Linguistic signs do not coincide with intended or interpreted meanings. For relevance theory, this theoretical commonplace merely demonstrates the inferential nature of language. For Paul de Man, on the contrary, it suggested that language is unstable, random, arbitrary, mechanical, ironic and inhuman. This lively and bold new book explores relevance theory with plenty of illustrated examples to show that it is a more plausible account of communication, cognition and literary interpretation than the deconstructionist theory de Man elaborated from readings of Rousseau, Hegel and Nietzsche. Its provocative and groundbreaking approach will force the reader to question the value for deconstructionist theory for interpreting literary texts in favour of a pragmatic theory from Linguistics.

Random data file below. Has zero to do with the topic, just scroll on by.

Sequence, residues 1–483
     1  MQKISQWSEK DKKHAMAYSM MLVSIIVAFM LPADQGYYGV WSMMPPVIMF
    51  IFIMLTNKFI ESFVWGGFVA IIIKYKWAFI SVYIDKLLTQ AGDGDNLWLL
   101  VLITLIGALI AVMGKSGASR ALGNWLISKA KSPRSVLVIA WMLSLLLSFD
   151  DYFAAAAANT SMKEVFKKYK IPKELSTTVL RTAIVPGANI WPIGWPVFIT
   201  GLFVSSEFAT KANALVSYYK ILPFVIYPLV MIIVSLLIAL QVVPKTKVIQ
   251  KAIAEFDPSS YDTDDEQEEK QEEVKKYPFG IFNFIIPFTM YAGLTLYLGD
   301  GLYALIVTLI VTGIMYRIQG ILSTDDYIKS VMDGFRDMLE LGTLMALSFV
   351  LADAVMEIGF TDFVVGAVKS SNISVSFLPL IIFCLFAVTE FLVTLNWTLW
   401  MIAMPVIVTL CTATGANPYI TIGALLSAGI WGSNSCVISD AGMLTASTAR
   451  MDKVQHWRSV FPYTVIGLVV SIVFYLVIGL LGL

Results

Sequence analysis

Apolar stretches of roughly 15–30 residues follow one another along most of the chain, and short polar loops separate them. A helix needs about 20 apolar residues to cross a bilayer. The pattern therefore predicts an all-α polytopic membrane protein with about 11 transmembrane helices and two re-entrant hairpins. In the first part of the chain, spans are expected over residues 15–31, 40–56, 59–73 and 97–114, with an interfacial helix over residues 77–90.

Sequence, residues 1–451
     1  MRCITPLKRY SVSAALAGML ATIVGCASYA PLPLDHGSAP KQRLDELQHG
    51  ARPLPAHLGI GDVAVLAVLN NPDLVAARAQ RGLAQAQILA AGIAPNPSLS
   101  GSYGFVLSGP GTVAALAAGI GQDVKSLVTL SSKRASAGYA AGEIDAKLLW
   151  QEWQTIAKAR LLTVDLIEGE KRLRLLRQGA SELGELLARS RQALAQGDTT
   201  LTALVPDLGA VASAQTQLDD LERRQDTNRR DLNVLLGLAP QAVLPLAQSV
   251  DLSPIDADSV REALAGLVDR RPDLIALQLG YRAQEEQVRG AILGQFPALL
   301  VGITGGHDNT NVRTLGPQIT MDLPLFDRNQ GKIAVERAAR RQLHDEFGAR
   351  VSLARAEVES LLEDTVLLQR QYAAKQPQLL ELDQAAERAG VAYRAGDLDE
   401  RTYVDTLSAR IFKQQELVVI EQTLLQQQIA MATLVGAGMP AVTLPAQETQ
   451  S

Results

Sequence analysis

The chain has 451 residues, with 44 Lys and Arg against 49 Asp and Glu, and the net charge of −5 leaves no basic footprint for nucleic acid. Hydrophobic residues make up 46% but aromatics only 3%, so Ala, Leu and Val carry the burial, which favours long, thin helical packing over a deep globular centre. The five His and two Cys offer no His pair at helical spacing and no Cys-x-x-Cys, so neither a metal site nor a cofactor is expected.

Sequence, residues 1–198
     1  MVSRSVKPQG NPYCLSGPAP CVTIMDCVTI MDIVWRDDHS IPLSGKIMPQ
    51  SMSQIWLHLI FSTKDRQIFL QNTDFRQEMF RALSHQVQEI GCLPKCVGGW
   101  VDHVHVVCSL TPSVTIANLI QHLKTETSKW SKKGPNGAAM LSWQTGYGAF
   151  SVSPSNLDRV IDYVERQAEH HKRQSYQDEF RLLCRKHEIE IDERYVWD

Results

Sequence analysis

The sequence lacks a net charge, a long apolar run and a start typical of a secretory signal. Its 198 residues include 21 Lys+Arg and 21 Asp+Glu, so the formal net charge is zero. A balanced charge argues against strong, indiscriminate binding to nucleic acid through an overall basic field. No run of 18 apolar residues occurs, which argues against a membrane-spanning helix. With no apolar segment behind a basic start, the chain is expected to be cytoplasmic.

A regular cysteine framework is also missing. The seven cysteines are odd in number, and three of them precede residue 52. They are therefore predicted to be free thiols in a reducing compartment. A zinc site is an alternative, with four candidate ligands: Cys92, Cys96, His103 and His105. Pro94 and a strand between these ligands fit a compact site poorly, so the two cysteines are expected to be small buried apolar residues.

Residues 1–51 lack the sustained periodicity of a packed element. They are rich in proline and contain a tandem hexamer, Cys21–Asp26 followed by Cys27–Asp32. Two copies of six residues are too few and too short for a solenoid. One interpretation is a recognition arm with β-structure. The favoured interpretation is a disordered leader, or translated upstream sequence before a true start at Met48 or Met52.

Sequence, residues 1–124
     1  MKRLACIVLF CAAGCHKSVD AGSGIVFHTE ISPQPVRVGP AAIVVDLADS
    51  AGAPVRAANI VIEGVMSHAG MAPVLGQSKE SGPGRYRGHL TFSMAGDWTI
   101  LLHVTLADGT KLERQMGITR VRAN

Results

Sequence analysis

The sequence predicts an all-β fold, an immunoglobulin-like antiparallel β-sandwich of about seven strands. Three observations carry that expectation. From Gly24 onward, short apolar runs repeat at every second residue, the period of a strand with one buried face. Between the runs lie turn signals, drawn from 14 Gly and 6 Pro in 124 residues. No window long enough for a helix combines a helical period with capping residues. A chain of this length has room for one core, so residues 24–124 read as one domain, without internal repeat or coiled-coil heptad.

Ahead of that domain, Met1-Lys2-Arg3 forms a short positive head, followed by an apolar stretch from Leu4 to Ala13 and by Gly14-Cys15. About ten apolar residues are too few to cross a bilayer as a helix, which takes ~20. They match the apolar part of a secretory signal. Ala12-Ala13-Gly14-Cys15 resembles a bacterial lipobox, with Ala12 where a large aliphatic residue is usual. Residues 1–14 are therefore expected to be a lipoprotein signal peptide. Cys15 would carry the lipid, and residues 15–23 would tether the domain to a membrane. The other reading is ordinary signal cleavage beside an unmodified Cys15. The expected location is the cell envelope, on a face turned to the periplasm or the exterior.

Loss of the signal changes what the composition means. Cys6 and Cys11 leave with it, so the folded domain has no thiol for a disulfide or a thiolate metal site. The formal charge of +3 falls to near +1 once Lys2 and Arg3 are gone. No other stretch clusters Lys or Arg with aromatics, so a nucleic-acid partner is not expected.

Pragmatic Banality and Honorable Bigotry
Relevance Theory and Spoken Communication 'Positive Hermeneutics': Relevance and Communication 'Negative Hermeneutics': Themes, Figures, Codes and Cognition
Rhetoric, Blindness, Allegory, Ideology, Resistance
Words, Concepts and Tropes
Rhetoric as an Insurmountable Obstacle
Words and the World: The Problem of Reference
The Madness of Words and the Enunciating Subject 'When Lucy ceas'd to be'
Conclusion: Rhetoric and Relevance
ABOUT THE AUTHOR
IAN MACKENZIE is an English language teacher, teacher trainer and coursebook writer and the author of numerous articles on linguistics and literary theory. He teaches at the Haute Ecole de Gestion,